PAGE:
By Tererai Karimakwenda
18 January 2013
The company that owns Zimbabwe’s well-known Mazoe Citrus Estate has warned of a possible 30% loss of revenue, following the recent takeover of a large portion of their property by Grace Mugabe, who reportedly wants to expand her orphanage nearby.
Robert Mugabe’s wife is said to have recently taken control of at least 1,600 hectares of land on the Mazoe Estate, which is owned by agro-producer Interfresh.
According to NewsDay newspaper, the acquisition came just weeks after the Governor of Mashonaland Central, Martin Dinha, promised Grace more land for her school and orphanage.
Dinha was reportedly speaking at the official opening of the Amai Mugabe Junior School in Mazowe earlier this month, where he said Grace’s school and orphanage “had given the province a facelift”, Newsday said.
Dinha had also toured the orphanage in October last year, when he said papers were being prepared to extend the orphanage because Grace needed more land for her projects. The governor has been instrumental in facilitating the land acquisitions for Grace.
A worker at the farm who confirmed the development, told Newsday: “Nothing is happening here at the moment. The offices which were on this side (citrus estate) have been moved to the other side (at the orphanage) and this happened after it was taken over by the First Lady, so we are not sure of the way forward now.”
Charles Taffs, President of the Commercial Farmers’ Union of Zimbabwe (CFU), said this takeover of land by government officials is nothing new, but has unfortunately continued at a time when the country should be building investor confidence.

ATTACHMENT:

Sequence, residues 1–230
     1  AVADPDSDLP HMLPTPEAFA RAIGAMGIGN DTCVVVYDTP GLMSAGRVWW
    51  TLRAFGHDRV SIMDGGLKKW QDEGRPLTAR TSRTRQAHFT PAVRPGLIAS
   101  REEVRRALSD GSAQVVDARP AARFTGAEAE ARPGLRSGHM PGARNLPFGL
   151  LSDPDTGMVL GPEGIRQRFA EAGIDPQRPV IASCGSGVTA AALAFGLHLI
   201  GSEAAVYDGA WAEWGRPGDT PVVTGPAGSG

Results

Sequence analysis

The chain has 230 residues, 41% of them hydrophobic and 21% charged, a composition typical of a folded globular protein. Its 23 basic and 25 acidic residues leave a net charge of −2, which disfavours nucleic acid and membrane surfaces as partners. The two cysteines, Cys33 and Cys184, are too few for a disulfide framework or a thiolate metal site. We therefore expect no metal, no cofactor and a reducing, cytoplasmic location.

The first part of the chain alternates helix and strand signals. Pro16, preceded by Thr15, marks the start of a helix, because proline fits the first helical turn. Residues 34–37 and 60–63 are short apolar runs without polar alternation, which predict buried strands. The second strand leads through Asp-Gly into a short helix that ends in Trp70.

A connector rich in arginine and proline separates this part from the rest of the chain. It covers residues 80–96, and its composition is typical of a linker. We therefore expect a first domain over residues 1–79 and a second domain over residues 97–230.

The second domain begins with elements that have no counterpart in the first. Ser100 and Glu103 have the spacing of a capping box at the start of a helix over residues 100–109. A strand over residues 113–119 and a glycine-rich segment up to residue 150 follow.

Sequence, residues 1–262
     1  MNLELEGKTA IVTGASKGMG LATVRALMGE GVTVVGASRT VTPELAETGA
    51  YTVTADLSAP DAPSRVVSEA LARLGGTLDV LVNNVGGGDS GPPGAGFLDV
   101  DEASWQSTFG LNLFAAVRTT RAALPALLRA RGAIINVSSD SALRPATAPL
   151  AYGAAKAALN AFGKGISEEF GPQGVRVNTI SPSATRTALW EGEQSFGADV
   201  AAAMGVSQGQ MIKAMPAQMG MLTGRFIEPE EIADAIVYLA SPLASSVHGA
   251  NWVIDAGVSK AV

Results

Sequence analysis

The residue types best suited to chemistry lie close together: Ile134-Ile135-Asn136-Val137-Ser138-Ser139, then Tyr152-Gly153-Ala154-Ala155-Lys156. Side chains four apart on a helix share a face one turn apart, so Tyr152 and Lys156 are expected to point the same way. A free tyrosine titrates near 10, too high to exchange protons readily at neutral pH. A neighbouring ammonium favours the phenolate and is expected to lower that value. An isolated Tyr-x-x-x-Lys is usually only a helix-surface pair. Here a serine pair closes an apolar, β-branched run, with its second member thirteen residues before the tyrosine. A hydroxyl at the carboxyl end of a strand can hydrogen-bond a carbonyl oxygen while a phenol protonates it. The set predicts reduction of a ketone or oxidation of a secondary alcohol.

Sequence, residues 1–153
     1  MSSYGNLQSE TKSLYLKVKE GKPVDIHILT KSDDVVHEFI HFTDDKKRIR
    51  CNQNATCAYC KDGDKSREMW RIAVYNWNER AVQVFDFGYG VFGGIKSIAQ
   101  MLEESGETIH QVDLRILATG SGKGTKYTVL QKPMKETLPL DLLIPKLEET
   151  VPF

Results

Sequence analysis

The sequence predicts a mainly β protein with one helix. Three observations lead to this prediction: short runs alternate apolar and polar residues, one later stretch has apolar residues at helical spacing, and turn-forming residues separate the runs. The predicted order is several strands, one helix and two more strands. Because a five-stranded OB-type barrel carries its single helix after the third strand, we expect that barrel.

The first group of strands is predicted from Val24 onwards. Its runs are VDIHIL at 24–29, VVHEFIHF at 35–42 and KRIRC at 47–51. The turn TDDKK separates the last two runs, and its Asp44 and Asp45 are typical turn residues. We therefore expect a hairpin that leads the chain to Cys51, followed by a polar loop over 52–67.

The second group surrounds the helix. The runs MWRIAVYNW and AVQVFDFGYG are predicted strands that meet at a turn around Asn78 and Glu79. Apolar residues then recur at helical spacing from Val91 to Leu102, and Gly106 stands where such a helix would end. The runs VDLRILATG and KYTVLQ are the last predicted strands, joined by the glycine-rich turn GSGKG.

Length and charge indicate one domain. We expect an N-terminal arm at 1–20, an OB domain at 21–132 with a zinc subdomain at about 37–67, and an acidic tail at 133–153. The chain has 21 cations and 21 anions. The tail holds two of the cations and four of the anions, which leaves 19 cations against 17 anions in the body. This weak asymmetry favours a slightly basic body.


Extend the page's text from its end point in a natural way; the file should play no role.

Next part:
“We cannot continue along this line and until our leaders understand this and do something about it will destroy us. We need to correct this and attract investment and create employment. No-one is going to invest in agriculture while all of this is still going on,” Taffs told SW Radio Africa.
Regarding the land grab by the first lady, Taffs said: “In terms of that family it’s well documented the land they have and what’s happening on those farms. Why is it that they continue along this path. It makes no sense.”
Taffs then referred to recent comments made by the Minister of Agriculture, promising that no foreign-owned properties protected by BIPPAs would be acquired under land reform for now.
“This is not happening on the ground and we are seeing conflicting signals coming from government all the time. This is adding to this mess of investor instability and lack of confidence,” Taffs stressed.
Apart from destroying investor confidence the land grabs have been responsible for the fact that this year at least 1.7 million Zimbabweans will go hungry, as not enough food is grown to feed the nation.